No dis to the DM2000 -- which is fine kit BTW, but it does not make the same impression as an Oxford when a prospective client walks into the control room for the first time.  And besides, how can a band of four to six members all gather around a DM-2000? (see attachment)

What type of gigs are you doing (or aspiring to do if this is an upgrade path to your current setup)?  What kind of gear can get those jobs done?  And finally, what gear do you want to be operating for the next five years.  Personally, I'll take a sea of knobs over two monitor screens anyday.

Osci-later,

Fig
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Glenn Bucci

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Re: The advantage of large mixers?
« Reply #6 on: July 21, 2004, 04:43:46 pm »

I guess if you have a pro studio, it helps get clients who have the money. I just am wondering sound wise what advantage is there, if any?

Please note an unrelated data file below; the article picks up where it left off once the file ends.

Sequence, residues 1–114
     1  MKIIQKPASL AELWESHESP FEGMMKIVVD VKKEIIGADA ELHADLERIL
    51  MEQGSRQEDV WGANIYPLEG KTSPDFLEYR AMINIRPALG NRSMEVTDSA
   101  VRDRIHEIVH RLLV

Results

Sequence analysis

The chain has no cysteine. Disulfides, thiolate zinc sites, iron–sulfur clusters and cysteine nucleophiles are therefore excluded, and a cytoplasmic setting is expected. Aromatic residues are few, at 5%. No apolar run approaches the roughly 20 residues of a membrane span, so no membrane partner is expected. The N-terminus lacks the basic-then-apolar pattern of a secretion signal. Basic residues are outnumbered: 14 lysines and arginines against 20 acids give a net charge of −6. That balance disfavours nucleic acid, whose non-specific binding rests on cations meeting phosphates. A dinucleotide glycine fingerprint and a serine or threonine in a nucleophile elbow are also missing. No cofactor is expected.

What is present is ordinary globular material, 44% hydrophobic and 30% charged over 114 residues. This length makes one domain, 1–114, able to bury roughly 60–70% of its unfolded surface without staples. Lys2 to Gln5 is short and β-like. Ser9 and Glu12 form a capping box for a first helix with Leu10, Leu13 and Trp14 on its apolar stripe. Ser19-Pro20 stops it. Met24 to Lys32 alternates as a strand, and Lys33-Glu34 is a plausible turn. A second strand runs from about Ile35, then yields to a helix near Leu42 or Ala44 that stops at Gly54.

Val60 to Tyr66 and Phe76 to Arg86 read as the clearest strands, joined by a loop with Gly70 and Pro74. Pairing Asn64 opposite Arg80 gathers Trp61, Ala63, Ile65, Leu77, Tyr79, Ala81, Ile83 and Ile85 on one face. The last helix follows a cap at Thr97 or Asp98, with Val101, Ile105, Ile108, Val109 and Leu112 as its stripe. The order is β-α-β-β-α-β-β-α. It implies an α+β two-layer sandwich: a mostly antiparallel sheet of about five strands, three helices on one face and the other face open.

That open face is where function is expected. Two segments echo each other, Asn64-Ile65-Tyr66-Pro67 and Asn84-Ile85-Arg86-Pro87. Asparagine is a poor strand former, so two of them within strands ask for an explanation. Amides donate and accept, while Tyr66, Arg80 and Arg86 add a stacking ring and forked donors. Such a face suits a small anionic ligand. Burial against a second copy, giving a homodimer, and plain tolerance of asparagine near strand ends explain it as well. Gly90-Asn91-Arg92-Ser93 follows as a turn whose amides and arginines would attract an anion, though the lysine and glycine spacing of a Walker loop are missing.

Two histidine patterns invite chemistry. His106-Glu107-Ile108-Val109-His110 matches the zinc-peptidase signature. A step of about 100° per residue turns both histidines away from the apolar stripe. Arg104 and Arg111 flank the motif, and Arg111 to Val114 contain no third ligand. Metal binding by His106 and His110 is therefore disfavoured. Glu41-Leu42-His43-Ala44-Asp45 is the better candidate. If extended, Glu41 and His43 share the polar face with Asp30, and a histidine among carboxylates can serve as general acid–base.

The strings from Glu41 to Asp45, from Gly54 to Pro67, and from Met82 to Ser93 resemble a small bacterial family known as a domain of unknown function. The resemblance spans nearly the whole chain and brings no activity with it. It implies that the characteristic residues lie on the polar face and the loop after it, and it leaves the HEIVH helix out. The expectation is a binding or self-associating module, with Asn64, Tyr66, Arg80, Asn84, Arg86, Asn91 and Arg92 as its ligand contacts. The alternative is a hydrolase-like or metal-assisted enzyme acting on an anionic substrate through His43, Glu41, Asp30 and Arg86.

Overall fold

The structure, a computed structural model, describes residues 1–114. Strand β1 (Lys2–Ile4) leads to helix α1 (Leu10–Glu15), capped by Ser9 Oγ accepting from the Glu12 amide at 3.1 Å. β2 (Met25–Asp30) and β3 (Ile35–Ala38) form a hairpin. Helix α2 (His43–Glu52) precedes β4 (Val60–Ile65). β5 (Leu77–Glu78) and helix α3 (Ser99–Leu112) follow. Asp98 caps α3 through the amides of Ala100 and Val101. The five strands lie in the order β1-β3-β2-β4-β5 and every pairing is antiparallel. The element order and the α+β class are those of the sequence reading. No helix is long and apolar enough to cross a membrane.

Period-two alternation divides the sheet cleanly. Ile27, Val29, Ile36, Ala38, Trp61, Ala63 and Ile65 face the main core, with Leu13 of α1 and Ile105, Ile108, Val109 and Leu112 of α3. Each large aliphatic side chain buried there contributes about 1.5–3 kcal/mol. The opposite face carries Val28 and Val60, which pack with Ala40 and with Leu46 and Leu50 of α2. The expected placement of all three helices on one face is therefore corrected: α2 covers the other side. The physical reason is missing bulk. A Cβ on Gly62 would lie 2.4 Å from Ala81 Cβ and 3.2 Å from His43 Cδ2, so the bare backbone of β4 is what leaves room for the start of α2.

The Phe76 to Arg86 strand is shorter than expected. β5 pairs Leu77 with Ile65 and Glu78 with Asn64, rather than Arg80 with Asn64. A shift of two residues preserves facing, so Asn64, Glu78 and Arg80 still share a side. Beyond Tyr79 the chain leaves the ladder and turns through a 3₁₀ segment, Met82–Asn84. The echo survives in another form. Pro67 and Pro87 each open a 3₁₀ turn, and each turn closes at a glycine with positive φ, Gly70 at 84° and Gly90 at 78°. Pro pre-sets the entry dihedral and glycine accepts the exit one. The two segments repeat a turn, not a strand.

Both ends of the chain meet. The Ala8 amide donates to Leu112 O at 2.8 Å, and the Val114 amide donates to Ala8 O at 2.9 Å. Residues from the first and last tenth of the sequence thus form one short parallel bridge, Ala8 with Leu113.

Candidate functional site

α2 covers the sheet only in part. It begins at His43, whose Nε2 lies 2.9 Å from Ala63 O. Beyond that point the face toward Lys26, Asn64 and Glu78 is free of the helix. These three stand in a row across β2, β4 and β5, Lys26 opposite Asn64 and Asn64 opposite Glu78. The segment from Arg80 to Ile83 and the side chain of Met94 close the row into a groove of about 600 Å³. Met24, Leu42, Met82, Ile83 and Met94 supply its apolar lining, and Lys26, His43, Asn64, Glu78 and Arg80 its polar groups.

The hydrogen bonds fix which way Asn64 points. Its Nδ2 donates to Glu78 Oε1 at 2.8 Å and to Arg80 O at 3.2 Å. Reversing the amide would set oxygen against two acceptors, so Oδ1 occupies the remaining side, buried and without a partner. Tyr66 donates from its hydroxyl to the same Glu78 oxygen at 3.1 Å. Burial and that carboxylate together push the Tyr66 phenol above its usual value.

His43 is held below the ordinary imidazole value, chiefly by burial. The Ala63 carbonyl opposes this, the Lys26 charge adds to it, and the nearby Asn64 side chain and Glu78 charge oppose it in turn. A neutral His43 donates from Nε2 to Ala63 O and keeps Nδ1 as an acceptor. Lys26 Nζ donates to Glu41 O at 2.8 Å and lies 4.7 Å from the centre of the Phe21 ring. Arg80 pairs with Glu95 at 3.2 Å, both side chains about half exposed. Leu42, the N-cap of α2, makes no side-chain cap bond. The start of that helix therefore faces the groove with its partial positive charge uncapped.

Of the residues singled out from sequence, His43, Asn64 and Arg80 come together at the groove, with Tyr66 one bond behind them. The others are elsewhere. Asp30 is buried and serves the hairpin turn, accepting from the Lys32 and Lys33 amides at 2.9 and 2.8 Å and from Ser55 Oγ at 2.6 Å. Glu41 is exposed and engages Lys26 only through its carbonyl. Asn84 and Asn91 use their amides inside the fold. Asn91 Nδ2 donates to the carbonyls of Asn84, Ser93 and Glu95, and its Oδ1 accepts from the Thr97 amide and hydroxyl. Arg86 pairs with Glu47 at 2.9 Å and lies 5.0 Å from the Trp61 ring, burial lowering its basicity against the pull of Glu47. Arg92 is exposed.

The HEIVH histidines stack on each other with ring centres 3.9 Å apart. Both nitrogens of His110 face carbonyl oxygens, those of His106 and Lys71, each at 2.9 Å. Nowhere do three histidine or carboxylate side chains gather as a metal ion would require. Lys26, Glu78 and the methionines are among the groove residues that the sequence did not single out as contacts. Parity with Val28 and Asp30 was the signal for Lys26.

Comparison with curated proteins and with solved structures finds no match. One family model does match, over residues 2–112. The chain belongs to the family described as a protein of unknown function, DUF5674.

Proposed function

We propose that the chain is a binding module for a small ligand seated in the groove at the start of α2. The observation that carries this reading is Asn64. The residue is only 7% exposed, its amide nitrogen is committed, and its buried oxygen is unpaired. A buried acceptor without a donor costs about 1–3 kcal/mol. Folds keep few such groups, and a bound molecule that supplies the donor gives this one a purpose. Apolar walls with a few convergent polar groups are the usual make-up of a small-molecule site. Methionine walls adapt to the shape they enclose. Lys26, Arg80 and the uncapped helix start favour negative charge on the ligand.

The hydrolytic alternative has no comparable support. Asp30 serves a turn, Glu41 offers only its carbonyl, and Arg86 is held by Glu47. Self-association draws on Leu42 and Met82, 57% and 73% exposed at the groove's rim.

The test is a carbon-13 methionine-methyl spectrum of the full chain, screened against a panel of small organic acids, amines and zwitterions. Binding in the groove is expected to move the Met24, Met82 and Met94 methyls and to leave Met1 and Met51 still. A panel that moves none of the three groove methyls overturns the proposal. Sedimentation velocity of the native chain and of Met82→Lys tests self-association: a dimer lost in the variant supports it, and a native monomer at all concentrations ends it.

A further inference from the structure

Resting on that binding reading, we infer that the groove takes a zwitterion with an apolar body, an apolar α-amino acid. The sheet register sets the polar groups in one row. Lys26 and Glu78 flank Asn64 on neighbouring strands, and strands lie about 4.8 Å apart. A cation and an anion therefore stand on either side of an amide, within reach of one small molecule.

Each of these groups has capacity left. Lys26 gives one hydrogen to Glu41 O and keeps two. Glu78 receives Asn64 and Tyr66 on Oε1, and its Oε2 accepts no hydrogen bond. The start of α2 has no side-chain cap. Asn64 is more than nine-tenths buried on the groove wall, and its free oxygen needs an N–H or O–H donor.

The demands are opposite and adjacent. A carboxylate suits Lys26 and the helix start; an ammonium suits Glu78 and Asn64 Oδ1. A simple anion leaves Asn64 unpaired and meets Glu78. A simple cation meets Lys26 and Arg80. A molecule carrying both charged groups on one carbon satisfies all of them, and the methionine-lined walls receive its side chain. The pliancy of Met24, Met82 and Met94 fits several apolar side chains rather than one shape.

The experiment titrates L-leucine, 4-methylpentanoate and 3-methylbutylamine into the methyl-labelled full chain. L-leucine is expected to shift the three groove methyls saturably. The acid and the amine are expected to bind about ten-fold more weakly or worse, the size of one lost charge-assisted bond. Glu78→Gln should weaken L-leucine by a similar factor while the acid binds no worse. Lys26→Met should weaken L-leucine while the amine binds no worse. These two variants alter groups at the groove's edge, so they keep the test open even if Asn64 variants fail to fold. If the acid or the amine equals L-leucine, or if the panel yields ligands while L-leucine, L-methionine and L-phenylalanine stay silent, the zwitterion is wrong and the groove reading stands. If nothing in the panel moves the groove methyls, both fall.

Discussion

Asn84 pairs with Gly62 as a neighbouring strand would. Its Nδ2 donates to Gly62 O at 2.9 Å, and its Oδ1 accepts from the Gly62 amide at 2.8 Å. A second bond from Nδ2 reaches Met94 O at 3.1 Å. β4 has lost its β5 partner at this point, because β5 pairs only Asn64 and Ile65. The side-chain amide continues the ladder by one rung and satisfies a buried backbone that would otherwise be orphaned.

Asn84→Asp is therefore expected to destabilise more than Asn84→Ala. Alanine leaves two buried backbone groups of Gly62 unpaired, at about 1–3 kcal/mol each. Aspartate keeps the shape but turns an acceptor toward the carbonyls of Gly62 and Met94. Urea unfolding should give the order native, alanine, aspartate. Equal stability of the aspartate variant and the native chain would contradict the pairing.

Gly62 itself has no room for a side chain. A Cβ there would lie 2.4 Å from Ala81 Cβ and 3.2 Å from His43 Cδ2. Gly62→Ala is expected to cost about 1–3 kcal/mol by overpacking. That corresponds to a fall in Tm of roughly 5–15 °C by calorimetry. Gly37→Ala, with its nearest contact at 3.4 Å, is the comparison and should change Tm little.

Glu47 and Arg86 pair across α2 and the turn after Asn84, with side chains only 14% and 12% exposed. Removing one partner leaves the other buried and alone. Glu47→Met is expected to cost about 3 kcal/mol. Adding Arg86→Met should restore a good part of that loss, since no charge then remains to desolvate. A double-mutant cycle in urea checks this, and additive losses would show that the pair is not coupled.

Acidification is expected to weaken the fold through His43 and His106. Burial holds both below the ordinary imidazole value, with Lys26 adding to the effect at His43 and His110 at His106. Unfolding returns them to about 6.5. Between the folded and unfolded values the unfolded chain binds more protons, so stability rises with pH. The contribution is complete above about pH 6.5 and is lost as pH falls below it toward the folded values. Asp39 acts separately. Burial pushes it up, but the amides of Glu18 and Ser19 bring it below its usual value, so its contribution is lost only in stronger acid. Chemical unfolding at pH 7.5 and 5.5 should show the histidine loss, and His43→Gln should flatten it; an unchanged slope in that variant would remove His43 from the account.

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Giovanni Speranza

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Re: The advantage of large mixers?
« Reply #7 on: July 22, 2004, 07:56:07 am »

ROTFLMAO meaning?
Rolling on the floor laughing....???

Bob Olhsson

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Re: The advantage of large mixers?
« Reply #8 on: July 22, 2004, 09:11:18 am »

The purpose of a console isn't sound quality. It's to facilitate performance both in front of the microphones and in the mix.

Anybody who thinks large consoles are going away anytime soon probably isn't very well grounded in how recordings are PERFORMED.